Always make a pin (or two)

Pinterest has been changing the rules, however, I always recommend creating a pin, even for the most obscure posts. You have no idea when someone is searching on Pinterest for something and stumbles across your pin. Similarly, sometimes the strangest posts take off on Pinterest while others won’t. I like to vary up my pins.

I strongly recommend not copying others’ pins, even if they’re successful. I don’t prescribe to the idea that your pins must have clear branding, however, a lot of fellow bloggers and business owners don’t appreciate it when you copy their pins. You can use Canva if you’re wondering how to get started with creating pins, but I use Photoshop myself.

I always put my website name on any text pins as people will steal your viral pins to misdirect them to their website. Pin theft on Pinterest is rampent. If you’re putting yourself on a pin, I strongly recommend adding your website name to it as it makes me really uncomfortable to see a fake pin floating around with my face on it.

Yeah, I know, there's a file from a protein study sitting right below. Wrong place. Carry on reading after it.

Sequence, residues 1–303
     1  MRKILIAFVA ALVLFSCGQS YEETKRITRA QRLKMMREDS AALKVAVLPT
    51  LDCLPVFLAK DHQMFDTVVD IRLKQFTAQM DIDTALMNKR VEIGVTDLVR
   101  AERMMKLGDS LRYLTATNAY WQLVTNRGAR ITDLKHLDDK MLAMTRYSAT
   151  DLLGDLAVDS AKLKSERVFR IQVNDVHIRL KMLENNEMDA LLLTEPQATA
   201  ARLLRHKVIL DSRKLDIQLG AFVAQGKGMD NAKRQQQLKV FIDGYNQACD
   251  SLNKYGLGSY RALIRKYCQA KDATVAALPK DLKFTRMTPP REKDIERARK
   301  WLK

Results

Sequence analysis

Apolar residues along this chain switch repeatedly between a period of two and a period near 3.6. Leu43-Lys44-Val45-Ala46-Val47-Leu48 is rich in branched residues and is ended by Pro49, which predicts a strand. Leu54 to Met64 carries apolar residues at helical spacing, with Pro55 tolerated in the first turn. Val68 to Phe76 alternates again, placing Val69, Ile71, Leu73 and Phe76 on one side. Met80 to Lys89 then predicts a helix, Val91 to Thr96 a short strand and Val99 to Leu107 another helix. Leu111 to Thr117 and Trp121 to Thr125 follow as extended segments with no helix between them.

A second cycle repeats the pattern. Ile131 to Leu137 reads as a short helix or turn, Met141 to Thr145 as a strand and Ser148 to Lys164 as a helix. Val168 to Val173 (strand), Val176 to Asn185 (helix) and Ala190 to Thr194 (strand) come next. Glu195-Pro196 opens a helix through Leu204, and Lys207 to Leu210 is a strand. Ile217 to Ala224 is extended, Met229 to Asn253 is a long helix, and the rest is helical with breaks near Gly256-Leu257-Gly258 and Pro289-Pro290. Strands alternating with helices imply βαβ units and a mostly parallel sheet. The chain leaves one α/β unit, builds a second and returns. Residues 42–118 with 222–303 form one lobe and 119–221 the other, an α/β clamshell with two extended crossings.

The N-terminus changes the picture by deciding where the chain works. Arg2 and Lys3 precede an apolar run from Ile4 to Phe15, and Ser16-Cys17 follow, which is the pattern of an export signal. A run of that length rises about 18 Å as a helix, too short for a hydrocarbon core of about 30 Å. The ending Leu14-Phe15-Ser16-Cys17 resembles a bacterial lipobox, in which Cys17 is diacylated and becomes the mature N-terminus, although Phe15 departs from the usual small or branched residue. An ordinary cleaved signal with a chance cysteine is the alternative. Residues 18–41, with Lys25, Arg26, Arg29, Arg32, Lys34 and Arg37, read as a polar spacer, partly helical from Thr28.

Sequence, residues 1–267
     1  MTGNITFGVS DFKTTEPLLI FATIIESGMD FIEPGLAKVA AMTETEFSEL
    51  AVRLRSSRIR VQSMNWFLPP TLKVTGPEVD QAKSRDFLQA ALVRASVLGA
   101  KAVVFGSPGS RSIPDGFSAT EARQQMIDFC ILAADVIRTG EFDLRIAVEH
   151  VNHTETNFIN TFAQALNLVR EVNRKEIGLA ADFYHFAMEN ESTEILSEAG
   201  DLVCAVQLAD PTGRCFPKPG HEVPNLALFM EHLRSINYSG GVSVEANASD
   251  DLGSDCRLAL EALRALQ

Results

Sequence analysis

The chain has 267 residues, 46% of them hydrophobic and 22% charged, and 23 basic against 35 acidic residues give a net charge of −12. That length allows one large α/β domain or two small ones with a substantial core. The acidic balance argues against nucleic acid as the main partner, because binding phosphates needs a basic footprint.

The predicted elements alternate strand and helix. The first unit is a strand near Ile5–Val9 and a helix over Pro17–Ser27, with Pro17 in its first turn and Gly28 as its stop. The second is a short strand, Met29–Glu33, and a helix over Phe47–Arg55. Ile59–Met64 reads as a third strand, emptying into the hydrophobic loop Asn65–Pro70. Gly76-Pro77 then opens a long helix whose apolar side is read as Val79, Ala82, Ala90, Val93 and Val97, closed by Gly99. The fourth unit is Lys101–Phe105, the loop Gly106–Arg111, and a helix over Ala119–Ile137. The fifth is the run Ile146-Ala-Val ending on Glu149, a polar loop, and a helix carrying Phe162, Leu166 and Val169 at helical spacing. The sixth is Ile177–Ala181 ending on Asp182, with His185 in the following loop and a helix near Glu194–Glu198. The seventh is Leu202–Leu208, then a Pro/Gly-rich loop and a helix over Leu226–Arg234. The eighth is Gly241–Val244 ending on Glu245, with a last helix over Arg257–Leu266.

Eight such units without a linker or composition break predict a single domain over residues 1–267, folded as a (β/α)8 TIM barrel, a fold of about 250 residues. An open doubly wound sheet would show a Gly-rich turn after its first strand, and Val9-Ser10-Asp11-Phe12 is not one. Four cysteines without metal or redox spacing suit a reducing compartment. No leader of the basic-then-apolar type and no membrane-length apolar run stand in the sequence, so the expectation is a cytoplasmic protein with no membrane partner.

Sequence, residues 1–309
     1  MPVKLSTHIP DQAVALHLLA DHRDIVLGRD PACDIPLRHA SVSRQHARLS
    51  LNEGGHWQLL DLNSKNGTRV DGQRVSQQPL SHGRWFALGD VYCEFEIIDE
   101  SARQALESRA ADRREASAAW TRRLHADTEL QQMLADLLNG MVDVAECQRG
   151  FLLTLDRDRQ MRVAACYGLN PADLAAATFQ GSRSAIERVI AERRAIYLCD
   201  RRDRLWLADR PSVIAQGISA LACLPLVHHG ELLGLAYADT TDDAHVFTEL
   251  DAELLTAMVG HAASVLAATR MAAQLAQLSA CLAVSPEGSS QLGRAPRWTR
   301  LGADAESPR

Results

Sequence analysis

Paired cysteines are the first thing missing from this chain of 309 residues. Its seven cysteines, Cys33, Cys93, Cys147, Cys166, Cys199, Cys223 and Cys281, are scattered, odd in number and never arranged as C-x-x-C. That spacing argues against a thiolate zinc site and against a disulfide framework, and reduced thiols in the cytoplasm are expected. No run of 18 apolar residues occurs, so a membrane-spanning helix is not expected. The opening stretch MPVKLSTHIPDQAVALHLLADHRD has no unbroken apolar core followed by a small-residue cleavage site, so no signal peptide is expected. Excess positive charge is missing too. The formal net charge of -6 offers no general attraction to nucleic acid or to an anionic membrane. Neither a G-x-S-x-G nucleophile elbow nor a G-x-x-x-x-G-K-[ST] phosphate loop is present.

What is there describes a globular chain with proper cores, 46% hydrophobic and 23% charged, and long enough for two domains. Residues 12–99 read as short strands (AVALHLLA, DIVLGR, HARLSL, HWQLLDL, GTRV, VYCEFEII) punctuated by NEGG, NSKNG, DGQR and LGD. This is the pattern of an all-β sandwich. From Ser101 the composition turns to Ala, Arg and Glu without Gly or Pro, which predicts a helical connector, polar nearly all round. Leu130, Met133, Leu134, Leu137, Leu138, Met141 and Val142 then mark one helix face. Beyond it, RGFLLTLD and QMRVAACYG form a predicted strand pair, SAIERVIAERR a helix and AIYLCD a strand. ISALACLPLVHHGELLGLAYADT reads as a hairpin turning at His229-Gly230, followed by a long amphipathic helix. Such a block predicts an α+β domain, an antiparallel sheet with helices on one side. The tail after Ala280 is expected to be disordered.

If you make more than one pin, you can do A/B testing on your pins, which will allow you to see which pin is the most effective for bringing in traffic. I’ve honed my instincts, but I’m often wrong. I like to vary up the wording, fonts, and images. Don’t assume that you know best.

Always include alt text or Pinterest text (with a plug-in)